Their boycott notice was issued by Vincent Sammons, who has created a name-almost-the-same rival political club, called “Cecil County Republican Club,” that he established as an online and Facebook group after he lost a race for president of the decades-old Republican Club of Cecil County that sponsored the recent candidate forum. Sammons is also a candidate this year for the Republican Central Committee.

[SEE previous CECIL TIMES report here: ]

Since the Sammons-aligned candidates refused to show up to answer questions, the remaining candidates fielded a variety of questions at the forum that were primarily focused on economic development, jobs, education, school safety and tax policy. There was mostly general agreement among the candidates.

Incumbent Council member George Patchell (R-4), who heads the local YMCA and is active in youth sports programs, said the county needed to develop a “diversified economy,” including attracting high tech companies and moving beyond the “distribution center” concentration of most of the recent new businesses coming to the county.

Part of those efforts, Patchell said, is to emphasize technical skills to develop the local workforce , especially through the county’s tech school, which he called “amazing.” And the county needs to continue to invest in bringing the infrastructure to the growth corridor to support business and pro-actively “bet on yourself.” He said the county took a step in the right direction last year when it was decided to go ahead with bringing water and sewage services to the Bainbridge property near Port Deposit, so that the long vacant site will be ready for business development once environmental cleanup issues are resolved with the US Navy, the former owner of the site.

Incumbent Council member Schneckenburger (R-3) agreed on the need to diversify the local economy and improve workforce skills. He said the county should work more closely with the “star campus” being developed by the University of Delaware as a high-tech business and training hub. “We could get some of that growth” seeping across the nearby state line to Cecil County, he said.

Miller repeatedly emphasized the importance of agriculture to the county and its economic future and also pointed out that promotion of business in the “growth corridor” along Route 40 would ease development pressures on the more rural areas of the northern and southern county. He also noted that Cecil County should play up its advantages: open and available land for business development, since Harford County and New Castle County in Delaware had little available land for development. And he noted with a smile the economic value of “the Pennsylvania Navy”—a south-county euphemism for the summer tourists with big boats on trailers—who spend money here before heading north again when the weather turns cold.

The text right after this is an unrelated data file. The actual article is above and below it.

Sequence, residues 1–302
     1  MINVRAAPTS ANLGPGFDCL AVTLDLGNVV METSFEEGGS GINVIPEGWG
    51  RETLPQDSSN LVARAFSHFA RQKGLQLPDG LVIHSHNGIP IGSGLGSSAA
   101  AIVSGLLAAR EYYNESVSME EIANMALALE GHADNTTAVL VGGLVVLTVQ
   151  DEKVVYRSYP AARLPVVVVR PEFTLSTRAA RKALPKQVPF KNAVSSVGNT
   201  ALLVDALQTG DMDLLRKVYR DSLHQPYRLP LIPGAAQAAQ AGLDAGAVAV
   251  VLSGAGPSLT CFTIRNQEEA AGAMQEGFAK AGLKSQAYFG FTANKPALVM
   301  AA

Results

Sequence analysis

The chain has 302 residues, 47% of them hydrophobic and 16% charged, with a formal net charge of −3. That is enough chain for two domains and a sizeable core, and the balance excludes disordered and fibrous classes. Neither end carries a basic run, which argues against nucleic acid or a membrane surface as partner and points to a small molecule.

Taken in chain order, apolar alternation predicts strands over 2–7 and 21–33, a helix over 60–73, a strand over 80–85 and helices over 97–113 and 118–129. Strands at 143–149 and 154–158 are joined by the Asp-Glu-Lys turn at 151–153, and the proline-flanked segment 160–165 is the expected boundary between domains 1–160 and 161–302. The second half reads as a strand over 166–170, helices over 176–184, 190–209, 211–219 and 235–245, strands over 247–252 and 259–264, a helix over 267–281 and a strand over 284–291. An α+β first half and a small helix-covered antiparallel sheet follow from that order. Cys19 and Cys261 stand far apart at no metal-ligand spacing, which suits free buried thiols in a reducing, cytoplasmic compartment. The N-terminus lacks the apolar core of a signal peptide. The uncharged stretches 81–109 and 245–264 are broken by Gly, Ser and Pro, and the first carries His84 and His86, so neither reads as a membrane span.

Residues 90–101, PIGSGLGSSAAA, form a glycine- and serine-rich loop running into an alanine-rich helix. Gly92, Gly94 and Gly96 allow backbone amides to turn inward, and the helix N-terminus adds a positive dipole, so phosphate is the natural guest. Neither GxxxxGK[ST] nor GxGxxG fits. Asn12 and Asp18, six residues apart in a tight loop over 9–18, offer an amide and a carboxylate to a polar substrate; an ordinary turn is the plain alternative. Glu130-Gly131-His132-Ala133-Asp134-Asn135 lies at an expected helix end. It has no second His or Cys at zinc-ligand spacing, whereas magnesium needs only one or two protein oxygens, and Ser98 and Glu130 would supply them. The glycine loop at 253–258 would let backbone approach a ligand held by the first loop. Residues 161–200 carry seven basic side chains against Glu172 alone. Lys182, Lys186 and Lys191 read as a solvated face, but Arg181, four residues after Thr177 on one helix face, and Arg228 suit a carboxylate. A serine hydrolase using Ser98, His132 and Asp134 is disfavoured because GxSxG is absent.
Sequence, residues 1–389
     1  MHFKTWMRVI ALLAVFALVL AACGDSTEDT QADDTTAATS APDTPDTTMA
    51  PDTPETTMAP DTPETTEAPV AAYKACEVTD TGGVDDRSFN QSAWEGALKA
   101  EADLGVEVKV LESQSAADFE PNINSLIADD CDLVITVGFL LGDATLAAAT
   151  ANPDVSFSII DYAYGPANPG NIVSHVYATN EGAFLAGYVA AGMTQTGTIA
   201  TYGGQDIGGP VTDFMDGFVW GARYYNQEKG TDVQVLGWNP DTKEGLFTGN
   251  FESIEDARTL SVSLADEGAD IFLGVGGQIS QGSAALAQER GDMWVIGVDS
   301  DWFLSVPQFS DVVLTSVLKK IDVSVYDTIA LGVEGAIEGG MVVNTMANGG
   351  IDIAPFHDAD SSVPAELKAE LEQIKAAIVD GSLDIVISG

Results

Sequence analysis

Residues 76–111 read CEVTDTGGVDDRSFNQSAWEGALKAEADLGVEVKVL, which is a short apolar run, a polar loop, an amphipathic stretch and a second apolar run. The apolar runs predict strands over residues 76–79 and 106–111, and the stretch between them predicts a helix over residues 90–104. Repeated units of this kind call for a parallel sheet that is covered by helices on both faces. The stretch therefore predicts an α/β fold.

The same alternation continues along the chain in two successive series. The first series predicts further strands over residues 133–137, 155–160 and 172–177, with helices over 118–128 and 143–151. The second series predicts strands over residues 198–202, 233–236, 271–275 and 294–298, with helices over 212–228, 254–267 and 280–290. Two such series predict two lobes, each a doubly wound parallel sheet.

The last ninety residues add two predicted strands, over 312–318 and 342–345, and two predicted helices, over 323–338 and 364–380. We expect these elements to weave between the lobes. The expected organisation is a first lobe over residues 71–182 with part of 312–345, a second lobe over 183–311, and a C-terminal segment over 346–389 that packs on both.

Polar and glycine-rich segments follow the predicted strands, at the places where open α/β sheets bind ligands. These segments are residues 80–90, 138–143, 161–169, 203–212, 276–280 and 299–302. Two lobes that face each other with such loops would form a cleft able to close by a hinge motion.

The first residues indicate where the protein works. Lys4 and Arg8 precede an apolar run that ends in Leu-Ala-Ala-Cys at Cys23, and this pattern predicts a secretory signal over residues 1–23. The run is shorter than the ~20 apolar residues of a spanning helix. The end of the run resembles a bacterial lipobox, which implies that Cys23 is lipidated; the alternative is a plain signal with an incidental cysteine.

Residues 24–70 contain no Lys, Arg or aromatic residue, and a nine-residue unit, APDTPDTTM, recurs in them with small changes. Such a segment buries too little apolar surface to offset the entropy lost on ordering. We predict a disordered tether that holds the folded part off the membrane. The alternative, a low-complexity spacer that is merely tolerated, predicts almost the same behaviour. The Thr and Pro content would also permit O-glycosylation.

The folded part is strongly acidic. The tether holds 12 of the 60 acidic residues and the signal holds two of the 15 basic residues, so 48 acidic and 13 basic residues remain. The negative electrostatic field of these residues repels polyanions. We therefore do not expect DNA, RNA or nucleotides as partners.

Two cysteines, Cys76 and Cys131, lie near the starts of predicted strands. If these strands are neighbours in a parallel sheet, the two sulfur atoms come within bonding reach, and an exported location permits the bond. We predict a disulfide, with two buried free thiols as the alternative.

Bill Coutz, the vice president of the Fair Hill Races and the County Fair board as well as a business development executive, is running for the District 2 seat now held by the retiring Bowlsbey. He offered an impassioned appeal for action to stem the tide of opioid addiction that is plaguing the county, saying the problem is “far worse and more widespread than you think it is.” He said he has talked with experts in the law enforcement, education, and medical communities and action and co-operative efforts in those areas are needed on a long-term basis. He also said he would strongly support law enforcement and emergency medical service providers, which he said were “stretched to their limits” now.

A day after the forum, leaders of the club announced that members, voting on paper ballots distributed at the forum, had endorsed Patchell, Miller and Coutz for the County Council. That left incumbent Schneckenburger the odd-man-out.